My son mentioned in passing that he loved the book he was reading in school so much that he started it over as soon as he was done. Of course I had to know what this wonderful book was, and thus I first heard about Stone Fox.
What’s interesting is that if you described a stereotypical book designed for the stereotypical boy, it would be this. It’s a ten-chapter book, so mostly for younger readers, and it has charcoal sketches throughout. It’s about little Willy and his best friend Searchlight—his dog who is as old as he is, so they’ve been friends all their lives. Little Willy lives with Grandfather on their potato farm in Wyoming. Then one morning Grandfather won’t get out of bed and won’t talk. The doctor says he’s just sick in his mind, but that it’s a disease as deadly as any. Little Willy finally figures out that Grandfather is way behind on the taxes, and they might have to sell the farm. He figures that if he can come up with the money, Grandfather will be ok again, so he enters a sled race with Searchlight. However, it turns out that Stone Fox—an Indian who has never lost a race—has entered. Can little Willy and Searchlight win the money and save the farm?
Seriously, how many boys and their dogs stories are out there? They’re pretty much their own genre, and I’ll admit I’d dismissed it as cliché. And yet my own boy loves this book, so perhaps there’s something to it.
SPOILER ALERT: Things you might want to know before suggesting this to your kid
Just like most boys and their dogs stories, the dog can’t possibly survive. Very abruptly—with no warning for little Willy or the reader—Searchlight’s heart bursts just as she’s nearing the finish line of the race and she’s dead. That’s it.
To a great extent, this is necessary both for the genre and for the point of the novel—after Searchlight gives her all but it just isn’t enough, Stone Fox stops his own dogs and prevents other racers from crossing the line. Little Willy picks up Searchlight’s body and carries her across the finish line, winning the race and saving the farm. End of book.
Holy smokes, that was abrupt.
Stone Fox—our title character—plays a remarkably small role in the book. He’s an odd character. He doesn’t speak at all until he threatens the other racers with a rifle if they dare cross the finish line. He’s a Shoshone who is saving up his race winnings to buy back Native American lands, so he’s motived by more than greed. However, when little Willy comes near his dogs, Stone Fox hits little Willy hard enough in the eye that it’s all swollen during the race. My son’s take on it is that he’s kind of a jerk until he sacrifices the money to let Willy win, probably because of Searchlight’s sacrifice.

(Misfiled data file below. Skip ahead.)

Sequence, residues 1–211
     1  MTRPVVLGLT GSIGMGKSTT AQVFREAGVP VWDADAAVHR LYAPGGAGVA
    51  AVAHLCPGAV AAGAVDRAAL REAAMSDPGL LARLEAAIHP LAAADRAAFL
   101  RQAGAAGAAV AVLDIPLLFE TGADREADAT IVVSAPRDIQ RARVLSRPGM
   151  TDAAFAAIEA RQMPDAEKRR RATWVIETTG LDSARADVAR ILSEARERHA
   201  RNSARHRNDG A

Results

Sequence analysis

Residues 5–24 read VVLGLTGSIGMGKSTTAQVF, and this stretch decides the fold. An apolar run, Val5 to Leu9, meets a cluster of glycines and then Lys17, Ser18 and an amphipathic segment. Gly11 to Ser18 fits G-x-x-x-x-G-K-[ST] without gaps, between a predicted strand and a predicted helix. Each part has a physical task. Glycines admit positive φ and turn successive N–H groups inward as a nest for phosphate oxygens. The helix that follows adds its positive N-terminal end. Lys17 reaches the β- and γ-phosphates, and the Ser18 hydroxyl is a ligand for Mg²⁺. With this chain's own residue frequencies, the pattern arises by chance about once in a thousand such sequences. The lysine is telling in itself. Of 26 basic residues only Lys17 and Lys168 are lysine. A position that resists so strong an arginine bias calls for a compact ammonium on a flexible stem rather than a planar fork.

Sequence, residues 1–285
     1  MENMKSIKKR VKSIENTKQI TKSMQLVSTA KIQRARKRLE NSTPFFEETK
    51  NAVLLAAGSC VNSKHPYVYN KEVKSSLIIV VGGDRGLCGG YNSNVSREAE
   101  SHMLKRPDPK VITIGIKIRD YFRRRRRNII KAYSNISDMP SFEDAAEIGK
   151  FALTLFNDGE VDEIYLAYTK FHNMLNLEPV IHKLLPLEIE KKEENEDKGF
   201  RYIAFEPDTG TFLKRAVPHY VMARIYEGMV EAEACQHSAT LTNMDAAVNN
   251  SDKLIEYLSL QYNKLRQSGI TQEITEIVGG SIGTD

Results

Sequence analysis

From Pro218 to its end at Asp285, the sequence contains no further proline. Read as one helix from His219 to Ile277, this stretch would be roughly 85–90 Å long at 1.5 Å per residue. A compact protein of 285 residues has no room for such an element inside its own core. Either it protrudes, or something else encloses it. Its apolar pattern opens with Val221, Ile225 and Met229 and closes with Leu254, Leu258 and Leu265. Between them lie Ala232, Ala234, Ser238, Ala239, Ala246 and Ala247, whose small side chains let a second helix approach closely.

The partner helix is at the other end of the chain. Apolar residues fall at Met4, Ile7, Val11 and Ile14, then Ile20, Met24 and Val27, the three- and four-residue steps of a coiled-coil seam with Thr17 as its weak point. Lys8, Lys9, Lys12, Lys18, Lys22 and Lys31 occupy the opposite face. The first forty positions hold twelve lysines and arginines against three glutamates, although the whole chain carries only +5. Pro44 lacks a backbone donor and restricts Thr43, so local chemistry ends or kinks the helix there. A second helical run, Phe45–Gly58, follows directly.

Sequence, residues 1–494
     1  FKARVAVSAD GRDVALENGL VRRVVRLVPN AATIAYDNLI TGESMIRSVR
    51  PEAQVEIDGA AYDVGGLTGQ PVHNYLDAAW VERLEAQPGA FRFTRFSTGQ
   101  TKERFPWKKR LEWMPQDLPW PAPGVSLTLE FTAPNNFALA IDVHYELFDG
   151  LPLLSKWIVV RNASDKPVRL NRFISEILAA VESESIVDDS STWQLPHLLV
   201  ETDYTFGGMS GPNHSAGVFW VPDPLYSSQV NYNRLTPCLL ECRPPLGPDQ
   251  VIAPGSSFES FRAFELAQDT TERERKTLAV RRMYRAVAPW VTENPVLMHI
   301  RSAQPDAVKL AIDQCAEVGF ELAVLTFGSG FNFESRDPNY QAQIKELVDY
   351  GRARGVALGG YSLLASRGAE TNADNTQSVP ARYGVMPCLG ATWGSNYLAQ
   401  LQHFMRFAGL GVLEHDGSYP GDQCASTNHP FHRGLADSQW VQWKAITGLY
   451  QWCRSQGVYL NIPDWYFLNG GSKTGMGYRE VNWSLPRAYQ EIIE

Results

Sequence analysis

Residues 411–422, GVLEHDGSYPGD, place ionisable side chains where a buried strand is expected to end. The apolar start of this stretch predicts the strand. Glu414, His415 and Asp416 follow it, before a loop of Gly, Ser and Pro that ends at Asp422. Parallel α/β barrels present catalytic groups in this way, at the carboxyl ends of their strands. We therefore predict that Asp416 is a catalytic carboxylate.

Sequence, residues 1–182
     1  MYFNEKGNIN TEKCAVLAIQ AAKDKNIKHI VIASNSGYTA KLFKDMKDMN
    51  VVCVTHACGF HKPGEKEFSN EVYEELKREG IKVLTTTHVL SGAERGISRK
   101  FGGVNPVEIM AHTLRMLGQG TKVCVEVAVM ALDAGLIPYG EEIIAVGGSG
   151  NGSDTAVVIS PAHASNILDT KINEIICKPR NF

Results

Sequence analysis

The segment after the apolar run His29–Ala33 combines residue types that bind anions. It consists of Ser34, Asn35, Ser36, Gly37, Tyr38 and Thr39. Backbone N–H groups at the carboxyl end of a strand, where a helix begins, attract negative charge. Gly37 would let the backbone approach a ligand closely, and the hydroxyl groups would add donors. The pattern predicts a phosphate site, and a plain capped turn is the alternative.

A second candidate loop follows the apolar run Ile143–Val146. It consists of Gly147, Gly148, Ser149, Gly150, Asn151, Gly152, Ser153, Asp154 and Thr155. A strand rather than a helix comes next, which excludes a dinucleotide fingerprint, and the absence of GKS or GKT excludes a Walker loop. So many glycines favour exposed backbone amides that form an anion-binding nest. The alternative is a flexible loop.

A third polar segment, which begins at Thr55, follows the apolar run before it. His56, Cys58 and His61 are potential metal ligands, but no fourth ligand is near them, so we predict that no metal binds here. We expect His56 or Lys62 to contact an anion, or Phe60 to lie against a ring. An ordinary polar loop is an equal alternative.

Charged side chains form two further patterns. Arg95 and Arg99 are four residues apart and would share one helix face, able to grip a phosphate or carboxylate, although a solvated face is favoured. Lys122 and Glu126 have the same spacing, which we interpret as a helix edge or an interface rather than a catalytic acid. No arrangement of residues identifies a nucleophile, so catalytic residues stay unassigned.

I don’t know what to make of Grandfather. He appears to suffer from severe and debilitating depression. I suppose this is one way to put little Willy on his own without actually killing off his only parental figure. But he essentially abandons little Willy, leaving him to harvest all the potatoes, run the household, and everything else, all because Grandfather made some terrible decisions along the way. And then his recovery seems very sudden—when little Willy and Searchlight are racing, he sees Grandfather at the window, which apparently means he’s all better.
The background on Grandfather was enough for my son to really like him. He says that before his illness Grandfather is all the things it would be good for a grandfather to be.
There’s a quick lesson on why taxes are annoying but useful—of course no one wants to pay them, but Doc Smith, who kind of looks out for little Willy while Grandfather is ill, helps him realize that they pay for services that would take care of Grandfather even if little Willy wasn’t there to watch over him.
Little Willy’s strength and determination are pretty amazing. Every grownup stands in his way in one way or another, but he perseveres. Most of the grownups are kind of awful. Several smoke, and they have yellow teeth and drop ash all over the place. The town drunk is mentioned in passing several times (although I had to explain to my son what a town drunk is).
Doc Smith is a woman, something that is simply a fact and not at all remarked upon as unusual. She’s the most sympathetic adult in the whole book, although she says Grandfather is as good as dead and discourages little Willy from trying to save him. Searchlight is also female, yet she’s strong, fast, and ferociously protective.
Well, my 9 year old boy loved this book, so that’s a pretty strong recommendation. He wasn’t thrilled with Searchlight’s abrupt death, but he kind of understood why it needed to happen within the story. He liked that the story is full of adventure, and he liked the relationship between little Willy and his grandfather, before the depression took hold. He would have liked more detail about the other racers (and I assume the situation in general) but obviously it didn’t hinder his enjoyment of the story much.
I can’t say I’d have suggested this to him, but I guess that’s why I’m grateful other people help him choose books sometimes. This is probably appropriate for ages 8 to 11, and it’s good for reluctant readers.
Stone Fox by John Reynolds Gardiner
Published in 1980 by Harper Trophy
Read a copy borrowed from my son’s classroom